Every city or region in the world, no matter how small, is teeming with interesting business and economic stories that affect the daily lives and pocketbooks of readers and viewers. But where do you find those stories? They can come from just about anywhere. Journalists do not have to be experts in these areas, but by learning the language of each sector, developing sources and following the latest developments, they can produce top-notch stories.
Developing a Source Network
How and where do you meet sources, especially if you’re new to business and economic reporting? What makes a good source? How do you know if a source is reliable? The following tips and potential sources will help you answer these questions.
10 Tips for Developing Sources
- Turn every contact for a story into a potential source for future stories. (Follow up afterward, stay in touch, don’t just call when you need information.)
- Make the initial contact with a potential source face-to-face.
- Comb through other reporters’ stories for names of experts, business people.
- Attend industry functions whenever possible.
- Cultivate knowledgeable people whom you can consult for background, even if you don’t quote them in stories.
- Get ground rules straight with sources. Can you use the information in a story, or is it simply for background?
- Trust with sources is needed on both sides. What’s the source’s agenda?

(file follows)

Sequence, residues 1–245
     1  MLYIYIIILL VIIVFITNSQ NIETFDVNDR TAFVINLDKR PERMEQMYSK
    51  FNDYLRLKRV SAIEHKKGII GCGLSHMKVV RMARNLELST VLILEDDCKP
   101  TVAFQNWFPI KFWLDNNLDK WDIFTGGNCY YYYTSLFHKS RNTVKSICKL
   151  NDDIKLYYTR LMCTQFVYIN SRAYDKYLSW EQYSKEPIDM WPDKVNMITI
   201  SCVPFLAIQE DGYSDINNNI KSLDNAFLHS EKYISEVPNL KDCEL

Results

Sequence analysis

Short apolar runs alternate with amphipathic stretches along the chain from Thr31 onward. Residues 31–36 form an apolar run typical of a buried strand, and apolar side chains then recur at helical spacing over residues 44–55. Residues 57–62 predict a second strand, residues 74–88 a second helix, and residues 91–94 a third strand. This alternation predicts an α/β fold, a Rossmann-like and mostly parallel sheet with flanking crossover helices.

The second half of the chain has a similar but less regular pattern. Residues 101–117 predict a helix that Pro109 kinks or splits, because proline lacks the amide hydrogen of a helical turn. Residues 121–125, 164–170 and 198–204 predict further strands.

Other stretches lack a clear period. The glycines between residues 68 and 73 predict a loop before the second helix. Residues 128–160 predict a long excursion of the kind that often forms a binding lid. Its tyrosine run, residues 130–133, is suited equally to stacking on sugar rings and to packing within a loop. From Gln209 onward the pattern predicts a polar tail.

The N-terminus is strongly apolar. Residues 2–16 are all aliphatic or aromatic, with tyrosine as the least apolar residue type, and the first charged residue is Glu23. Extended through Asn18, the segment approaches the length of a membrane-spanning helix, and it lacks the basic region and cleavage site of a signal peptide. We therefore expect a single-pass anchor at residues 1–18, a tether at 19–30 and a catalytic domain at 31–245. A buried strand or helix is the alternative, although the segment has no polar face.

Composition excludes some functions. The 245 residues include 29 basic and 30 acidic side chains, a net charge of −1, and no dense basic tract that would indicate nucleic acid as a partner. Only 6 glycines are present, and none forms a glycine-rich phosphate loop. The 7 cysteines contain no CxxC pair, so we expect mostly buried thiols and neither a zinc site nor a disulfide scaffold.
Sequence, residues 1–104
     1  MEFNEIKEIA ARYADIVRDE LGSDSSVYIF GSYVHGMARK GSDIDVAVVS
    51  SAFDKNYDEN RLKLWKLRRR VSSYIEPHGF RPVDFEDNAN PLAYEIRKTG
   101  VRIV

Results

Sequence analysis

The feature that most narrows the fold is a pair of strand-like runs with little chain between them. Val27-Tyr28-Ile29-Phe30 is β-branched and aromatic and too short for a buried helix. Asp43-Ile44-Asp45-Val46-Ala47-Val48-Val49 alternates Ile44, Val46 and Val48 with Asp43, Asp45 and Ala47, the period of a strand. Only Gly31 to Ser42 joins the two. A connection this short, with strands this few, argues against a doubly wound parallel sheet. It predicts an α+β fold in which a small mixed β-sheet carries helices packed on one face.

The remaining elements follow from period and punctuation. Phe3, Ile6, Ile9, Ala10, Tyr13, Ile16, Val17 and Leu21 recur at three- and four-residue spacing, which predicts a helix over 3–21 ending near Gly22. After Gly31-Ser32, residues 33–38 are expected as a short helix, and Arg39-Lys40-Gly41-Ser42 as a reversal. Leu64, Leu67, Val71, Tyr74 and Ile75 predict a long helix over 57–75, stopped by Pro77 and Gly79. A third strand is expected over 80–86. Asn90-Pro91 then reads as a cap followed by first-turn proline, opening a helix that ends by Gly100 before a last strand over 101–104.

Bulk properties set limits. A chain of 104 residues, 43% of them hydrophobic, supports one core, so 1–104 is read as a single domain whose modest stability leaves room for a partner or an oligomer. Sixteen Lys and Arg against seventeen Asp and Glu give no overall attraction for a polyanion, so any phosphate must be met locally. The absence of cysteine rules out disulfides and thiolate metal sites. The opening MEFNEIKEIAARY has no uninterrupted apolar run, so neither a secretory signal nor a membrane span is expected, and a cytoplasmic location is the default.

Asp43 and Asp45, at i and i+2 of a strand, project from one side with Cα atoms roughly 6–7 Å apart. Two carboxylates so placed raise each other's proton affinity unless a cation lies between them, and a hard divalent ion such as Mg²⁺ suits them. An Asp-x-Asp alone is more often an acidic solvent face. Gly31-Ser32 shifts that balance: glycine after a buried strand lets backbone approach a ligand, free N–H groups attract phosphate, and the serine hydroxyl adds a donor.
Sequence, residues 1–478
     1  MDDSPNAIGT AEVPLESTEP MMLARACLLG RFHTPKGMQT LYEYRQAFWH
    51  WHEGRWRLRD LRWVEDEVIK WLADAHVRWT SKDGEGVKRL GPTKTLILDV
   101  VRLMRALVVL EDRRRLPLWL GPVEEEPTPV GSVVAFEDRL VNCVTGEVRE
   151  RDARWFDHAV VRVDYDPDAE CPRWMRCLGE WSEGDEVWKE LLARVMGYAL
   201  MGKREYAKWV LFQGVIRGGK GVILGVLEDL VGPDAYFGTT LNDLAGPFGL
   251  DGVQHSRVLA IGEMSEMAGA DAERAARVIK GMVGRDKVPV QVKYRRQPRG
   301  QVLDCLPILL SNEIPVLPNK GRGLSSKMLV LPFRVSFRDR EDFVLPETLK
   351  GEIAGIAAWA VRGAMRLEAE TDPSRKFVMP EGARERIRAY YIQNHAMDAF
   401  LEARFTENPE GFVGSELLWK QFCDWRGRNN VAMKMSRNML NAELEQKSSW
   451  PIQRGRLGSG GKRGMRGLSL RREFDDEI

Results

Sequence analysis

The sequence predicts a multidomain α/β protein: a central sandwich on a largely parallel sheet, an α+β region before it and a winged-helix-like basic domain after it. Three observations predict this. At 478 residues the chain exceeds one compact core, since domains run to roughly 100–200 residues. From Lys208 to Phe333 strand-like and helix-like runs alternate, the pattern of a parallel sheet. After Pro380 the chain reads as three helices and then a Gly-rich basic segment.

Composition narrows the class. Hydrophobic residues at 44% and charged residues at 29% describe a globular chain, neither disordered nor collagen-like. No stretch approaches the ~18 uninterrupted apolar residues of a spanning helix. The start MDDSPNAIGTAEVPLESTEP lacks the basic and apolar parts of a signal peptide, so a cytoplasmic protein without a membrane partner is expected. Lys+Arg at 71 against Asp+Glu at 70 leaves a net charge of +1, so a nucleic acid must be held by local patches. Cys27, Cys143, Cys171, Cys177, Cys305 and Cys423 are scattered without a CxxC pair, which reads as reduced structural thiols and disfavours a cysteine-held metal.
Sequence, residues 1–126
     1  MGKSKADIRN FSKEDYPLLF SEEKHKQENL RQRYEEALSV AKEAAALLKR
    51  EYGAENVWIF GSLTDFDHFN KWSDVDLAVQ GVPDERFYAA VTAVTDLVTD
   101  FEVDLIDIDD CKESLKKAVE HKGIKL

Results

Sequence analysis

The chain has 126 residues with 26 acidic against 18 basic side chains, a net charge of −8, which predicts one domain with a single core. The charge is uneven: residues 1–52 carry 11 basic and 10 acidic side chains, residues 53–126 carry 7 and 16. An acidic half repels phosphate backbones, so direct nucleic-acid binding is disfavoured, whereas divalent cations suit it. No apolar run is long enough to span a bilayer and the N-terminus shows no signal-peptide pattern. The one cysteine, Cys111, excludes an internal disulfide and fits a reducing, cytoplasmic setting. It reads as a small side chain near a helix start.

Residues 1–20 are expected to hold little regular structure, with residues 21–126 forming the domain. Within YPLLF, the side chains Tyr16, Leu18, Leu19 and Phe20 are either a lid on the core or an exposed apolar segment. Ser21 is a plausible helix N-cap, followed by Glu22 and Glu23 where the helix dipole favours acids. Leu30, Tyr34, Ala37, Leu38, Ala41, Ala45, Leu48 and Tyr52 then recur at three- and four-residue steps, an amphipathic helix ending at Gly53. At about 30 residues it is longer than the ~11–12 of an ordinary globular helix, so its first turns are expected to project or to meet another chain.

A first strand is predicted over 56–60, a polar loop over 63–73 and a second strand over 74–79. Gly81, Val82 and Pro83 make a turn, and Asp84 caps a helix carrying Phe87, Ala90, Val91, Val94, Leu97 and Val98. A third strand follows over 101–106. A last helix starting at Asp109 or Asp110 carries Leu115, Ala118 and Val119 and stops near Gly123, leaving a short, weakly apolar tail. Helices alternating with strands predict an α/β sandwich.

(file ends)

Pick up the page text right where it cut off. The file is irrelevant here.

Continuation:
- Respect agreements made with sources.
- Don’t rely on the same sources over and over; develop new sources on a weekly basis.
- Go “high” and “low.” Meet people at the top, but don’t ignore secretaries, clerks and aides.
Start at the top:
- Managing directors, owners
- Financial analysts
- Labor leaders
- University professors
- Directors of nonprofits
- Public relations, marketing and advertising specialists
- Management consultants
- Editors of industry publications
- Economists at banks
- Directors of trade groups, chambers of commerce
Keep in mind that workers are often as well-informed about what’s going on – sometimes better informed – than the bosses and are often more likely to talk about potential stories.
This post was originally part of an online course by ICFJ Anywhere, which supports journalists worldwide with free training on a range of topics